Sex ratio estimates for species with temperature-dependent sex determination differ according to the proxy used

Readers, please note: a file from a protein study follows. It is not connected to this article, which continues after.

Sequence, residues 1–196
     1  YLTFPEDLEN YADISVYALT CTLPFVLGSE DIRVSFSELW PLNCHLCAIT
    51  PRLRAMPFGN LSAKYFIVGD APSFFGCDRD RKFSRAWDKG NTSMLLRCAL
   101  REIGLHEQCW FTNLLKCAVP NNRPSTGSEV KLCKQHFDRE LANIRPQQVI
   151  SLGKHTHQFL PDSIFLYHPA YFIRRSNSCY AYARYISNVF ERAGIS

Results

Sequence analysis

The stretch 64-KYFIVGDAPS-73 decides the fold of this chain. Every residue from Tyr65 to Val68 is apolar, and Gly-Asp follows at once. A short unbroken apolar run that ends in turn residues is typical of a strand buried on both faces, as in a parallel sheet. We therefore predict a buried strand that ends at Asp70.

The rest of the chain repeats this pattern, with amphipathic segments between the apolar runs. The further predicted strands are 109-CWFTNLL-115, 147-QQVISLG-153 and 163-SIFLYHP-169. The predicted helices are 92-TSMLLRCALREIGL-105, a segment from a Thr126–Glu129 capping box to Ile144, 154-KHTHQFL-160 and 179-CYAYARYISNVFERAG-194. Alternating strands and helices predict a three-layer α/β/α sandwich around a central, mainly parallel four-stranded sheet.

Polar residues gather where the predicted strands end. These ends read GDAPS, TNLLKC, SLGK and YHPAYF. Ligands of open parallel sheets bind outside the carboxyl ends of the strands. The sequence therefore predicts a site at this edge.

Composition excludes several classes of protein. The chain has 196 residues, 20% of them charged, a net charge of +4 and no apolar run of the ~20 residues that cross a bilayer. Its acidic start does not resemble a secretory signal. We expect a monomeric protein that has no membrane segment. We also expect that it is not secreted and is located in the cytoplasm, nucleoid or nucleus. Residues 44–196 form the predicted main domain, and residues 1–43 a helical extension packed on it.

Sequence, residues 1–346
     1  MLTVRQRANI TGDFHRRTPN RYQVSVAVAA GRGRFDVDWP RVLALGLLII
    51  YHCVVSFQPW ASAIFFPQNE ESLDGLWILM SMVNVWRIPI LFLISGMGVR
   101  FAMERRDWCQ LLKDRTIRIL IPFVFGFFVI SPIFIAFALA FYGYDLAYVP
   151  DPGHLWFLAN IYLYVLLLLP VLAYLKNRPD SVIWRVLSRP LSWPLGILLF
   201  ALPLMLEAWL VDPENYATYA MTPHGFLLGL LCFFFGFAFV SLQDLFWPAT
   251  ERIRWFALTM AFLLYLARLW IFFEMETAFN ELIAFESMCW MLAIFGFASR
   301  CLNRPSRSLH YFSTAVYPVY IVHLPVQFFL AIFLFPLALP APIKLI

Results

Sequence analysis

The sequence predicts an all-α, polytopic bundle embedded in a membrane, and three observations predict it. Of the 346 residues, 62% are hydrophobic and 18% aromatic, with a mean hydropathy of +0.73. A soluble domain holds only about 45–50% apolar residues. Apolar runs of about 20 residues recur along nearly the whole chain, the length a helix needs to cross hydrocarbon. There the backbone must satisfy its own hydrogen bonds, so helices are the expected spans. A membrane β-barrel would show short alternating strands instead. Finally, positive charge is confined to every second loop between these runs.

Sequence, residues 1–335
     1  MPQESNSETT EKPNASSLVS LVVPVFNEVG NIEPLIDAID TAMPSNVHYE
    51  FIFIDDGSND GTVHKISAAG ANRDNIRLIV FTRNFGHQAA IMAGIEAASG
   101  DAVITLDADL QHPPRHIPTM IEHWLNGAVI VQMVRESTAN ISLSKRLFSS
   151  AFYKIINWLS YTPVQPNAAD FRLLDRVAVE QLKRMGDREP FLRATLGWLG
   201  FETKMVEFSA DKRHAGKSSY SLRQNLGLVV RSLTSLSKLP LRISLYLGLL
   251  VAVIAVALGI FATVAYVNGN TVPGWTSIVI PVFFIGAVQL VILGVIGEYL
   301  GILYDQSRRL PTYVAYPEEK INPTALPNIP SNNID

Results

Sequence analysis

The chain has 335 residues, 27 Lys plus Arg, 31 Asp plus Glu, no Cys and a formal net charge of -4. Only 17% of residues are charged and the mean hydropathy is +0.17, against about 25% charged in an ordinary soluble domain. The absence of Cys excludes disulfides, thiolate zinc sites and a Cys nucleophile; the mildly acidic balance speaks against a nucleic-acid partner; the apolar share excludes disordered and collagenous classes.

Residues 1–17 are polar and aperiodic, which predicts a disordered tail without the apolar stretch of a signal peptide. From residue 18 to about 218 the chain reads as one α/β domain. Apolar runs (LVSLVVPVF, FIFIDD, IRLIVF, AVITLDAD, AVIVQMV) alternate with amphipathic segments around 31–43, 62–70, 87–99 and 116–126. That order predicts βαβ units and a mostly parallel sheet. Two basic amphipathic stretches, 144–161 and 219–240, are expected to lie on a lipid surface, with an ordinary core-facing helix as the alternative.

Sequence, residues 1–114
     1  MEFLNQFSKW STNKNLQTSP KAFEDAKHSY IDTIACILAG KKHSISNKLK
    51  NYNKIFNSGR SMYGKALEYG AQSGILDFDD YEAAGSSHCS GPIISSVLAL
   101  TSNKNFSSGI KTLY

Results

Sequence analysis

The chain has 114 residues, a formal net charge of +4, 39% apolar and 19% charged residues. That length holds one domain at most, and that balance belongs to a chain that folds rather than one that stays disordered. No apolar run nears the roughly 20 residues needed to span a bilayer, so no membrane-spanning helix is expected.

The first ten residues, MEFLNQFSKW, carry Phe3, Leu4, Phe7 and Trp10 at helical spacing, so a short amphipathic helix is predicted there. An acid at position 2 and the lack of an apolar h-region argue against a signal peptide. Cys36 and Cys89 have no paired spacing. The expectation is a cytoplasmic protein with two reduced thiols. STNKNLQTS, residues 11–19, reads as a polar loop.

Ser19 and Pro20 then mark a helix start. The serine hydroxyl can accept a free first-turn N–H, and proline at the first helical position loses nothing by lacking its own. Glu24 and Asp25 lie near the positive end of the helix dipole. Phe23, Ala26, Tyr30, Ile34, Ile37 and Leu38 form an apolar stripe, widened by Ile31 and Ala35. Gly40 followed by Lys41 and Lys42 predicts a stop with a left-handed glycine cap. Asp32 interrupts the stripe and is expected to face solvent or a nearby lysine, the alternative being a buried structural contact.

Knowledge of the sex ratio of a population is crucial to understand their structure and dynamics. For species, such as marine turtles, with temperature-dependent sex determination, this knowledge provides a baseline in advance of climate change. Determining the primary sex ratio for marine turtle populations is challenging since offspring lack sexually dimorphic external characteristics. Therefore several proxies have been used to estimate the primary sex ratio of marine turtle populations. However, no study to date has compared estimations of sex ratio when using different proxies to determine the most accurate and to detect potential bias. To address this, we estimated the sex ratio of natural loggerhead, Caretta caretta, nests using 8 different proxies: two based on constant temperature equivalent (average of temperature or average temperature weighted by the growth of embryos during each time step) both for three developmental periods (the whole incubation, the middle third of incubation and the middle third of development) as well as two proxies based on incubation duration (duration of the whole incubation and of the middle third of development). Sex ratio estimates differed greatly depending on the proxy being used. Here we discuss the differences among proxies based on the biological relevance of underlying hypotheses and highlight the need for studies to accurately determine the thermosensitive period and to obtain appropriate estimates of embryo growth rate to estimate marine turtle sex ratio.